• In the pending list, using Reject with reply,  choosing << (plain text) will convert < and > characters to HTML character entities &lt; and &gt; respectively.
  • In the pending list there is no << (plain text) option in Approve with reply.
  • In the pending list neither the member’s email address nor the pending message number is shown.
  • Moderators cannot reply to pending members.
  • The pending message list operates unreliably. It fails to show some messages, badly formats most messages, and too often yields an error when approving a message after editing.
  • Messages pile up in the Spam area, and can neither be deleted or approved. Incomprehensibly, Spam is shown under Conversations, when it belongs in the Pending Approvals management section, and is lacking the ability to edit the message before approval or to return it to sender. The pending message queue lacks a capability to designate a message as spam.  The Spam filter can’t even be turned off to avoid the problem.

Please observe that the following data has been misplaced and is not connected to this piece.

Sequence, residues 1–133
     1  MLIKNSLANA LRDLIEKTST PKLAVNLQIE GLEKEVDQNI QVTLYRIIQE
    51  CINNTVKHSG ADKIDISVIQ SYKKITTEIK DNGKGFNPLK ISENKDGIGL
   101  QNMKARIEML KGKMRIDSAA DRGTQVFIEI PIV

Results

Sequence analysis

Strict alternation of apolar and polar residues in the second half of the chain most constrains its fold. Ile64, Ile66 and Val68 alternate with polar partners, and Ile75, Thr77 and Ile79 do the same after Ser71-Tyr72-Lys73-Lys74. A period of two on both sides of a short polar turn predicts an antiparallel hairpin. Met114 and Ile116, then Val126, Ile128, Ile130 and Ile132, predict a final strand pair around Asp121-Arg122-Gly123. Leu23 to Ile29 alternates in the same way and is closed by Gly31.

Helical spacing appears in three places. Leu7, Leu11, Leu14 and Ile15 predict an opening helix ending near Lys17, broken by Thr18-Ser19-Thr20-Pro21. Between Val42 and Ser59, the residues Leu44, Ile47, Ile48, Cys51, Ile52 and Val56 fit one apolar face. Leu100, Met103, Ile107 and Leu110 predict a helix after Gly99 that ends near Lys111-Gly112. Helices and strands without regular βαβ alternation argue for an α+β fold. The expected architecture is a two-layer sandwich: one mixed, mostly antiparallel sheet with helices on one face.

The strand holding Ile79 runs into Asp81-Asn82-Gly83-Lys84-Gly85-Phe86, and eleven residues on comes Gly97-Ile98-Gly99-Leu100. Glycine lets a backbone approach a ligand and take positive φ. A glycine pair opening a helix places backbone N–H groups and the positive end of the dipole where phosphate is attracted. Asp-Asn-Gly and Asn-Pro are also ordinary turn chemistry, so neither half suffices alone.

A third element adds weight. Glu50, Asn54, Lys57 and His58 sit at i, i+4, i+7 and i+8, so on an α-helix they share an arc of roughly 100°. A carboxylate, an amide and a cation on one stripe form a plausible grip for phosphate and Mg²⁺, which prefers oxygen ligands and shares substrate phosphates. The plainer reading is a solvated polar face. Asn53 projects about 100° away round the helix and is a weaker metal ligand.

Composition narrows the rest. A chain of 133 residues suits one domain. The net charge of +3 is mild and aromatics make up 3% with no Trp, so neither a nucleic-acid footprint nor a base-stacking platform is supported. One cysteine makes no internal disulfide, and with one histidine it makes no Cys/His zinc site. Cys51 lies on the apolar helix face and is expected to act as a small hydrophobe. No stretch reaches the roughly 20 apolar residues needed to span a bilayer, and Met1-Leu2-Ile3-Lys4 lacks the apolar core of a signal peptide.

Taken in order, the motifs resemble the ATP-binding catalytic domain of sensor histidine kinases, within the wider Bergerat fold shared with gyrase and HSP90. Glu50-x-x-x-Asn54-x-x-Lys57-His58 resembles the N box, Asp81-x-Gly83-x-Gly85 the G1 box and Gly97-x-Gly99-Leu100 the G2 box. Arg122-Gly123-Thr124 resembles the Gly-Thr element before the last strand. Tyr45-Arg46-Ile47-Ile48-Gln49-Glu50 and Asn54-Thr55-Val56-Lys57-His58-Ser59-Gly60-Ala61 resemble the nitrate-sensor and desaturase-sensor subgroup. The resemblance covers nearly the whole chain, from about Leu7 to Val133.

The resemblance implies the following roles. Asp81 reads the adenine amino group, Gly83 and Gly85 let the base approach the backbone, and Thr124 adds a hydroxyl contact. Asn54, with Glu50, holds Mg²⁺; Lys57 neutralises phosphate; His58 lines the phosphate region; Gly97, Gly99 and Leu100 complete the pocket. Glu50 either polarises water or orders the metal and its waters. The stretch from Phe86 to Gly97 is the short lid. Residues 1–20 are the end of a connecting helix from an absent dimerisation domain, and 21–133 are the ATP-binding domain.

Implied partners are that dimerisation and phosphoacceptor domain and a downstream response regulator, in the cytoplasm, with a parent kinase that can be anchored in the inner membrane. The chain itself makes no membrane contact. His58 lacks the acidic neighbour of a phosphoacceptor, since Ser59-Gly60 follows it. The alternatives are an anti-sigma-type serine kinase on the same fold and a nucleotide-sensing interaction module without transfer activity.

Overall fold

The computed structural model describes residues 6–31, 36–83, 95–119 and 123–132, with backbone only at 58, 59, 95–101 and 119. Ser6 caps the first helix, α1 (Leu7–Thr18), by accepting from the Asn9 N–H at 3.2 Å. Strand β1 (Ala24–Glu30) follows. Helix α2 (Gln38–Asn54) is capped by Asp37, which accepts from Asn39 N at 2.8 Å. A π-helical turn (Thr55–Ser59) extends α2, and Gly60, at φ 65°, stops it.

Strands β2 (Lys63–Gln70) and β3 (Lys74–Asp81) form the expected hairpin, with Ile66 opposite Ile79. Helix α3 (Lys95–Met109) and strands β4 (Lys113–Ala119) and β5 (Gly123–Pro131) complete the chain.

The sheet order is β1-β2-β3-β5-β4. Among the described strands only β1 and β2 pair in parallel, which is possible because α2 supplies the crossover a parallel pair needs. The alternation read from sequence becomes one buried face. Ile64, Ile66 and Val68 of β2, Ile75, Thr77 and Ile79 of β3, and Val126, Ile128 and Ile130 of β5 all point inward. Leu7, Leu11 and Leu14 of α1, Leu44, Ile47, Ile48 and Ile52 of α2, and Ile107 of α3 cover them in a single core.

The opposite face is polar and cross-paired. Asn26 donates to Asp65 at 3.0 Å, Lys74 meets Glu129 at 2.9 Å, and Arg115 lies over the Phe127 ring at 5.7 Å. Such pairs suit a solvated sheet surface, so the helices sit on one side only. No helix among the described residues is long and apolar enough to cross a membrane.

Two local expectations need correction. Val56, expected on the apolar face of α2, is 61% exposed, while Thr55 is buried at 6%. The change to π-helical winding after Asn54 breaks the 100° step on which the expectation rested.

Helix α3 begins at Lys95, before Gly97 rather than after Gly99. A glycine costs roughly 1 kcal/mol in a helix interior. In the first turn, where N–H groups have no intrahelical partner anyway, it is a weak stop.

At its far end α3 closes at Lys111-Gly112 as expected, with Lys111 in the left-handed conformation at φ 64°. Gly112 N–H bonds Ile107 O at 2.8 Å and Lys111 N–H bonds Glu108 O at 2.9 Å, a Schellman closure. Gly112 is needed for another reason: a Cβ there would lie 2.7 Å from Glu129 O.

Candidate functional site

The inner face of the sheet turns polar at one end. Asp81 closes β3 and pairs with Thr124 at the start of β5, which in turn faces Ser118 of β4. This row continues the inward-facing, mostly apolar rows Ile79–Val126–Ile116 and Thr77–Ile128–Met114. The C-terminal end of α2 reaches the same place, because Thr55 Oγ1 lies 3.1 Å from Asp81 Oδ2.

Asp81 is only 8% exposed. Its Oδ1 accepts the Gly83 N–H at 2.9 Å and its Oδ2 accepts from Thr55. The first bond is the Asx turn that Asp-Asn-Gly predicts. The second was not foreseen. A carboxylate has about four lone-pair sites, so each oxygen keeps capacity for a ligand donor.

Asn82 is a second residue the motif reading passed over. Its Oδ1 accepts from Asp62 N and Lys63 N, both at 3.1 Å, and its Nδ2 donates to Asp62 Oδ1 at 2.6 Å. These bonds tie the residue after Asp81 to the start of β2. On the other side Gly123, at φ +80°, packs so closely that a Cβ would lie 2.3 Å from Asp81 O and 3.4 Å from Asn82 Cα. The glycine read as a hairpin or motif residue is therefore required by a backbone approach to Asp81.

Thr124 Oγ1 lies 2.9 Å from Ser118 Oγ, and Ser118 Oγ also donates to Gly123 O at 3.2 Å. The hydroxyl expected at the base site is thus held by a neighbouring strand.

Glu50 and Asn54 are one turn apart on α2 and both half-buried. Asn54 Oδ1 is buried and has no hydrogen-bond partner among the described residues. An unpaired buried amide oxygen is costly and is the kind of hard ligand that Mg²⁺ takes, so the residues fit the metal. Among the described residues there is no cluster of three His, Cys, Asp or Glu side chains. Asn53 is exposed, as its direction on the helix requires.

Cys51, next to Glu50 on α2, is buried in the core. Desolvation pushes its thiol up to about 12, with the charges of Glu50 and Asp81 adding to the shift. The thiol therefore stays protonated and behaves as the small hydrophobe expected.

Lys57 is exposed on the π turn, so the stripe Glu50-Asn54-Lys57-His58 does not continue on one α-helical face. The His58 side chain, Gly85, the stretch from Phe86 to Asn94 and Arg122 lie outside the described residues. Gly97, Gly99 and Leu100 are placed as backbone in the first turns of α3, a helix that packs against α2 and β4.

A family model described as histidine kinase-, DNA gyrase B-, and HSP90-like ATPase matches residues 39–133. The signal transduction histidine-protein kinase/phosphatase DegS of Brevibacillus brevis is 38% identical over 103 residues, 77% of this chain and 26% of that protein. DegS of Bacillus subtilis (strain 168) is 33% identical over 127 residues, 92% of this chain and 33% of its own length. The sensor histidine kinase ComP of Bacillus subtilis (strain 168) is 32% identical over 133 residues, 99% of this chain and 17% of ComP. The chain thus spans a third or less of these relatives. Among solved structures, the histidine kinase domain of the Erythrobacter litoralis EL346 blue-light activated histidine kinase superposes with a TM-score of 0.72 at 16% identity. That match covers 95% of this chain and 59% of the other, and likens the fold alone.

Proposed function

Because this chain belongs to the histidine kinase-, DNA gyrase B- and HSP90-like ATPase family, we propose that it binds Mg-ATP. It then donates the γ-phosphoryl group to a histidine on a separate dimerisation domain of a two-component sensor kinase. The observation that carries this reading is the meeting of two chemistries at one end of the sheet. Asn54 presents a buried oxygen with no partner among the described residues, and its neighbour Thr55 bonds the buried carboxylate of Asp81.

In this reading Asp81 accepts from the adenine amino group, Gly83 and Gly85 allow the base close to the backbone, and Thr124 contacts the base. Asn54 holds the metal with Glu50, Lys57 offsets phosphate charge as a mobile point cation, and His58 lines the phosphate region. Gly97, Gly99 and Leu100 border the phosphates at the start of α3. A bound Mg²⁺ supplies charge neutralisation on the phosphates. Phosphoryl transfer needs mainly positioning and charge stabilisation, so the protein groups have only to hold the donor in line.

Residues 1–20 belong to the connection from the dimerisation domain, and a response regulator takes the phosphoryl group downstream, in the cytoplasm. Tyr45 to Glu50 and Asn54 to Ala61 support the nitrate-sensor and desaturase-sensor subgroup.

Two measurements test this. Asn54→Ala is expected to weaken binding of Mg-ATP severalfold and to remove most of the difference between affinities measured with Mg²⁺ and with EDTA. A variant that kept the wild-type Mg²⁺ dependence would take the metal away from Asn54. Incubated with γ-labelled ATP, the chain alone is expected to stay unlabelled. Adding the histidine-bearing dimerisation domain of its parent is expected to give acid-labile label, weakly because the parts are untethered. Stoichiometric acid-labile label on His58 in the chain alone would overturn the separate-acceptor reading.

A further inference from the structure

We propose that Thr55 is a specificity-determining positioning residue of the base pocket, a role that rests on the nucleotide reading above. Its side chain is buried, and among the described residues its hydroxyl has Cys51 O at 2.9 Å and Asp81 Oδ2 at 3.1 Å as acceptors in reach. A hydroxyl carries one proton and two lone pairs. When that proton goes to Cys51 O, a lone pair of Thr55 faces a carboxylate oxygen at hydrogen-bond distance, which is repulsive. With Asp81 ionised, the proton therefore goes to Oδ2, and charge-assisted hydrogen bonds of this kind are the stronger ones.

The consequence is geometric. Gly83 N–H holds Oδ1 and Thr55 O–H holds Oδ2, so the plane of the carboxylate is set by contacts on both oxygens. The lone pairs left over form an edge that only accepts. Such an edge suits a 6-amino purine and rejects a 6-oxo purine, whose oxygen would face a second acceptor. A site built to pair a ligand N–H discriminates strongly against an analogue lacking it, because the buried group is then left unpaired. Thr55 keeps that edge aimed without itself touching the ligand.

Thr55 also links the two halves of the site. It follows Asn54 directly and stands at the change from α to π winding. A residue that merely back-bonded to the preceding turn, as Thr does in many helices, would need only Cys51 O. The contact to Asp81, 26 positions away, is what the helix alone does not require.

• Groups cannot choose to exclude HTML message bodies.
  • Groups cannot use more than basic text formatting in their descriptions — no links, no images, even though the composition box carries the legend “Text or HTML”.
  • Many groups still have arbitrary stock photos as their cover images, even though it would be trivial for Yahoo to carry over their classic photos (just scale them to height instead of width).
  • The Group Activity Logs do not record certain moderator activity, such as approving messages, but are incomplete (lacking member email, and lacking message number if approved by web).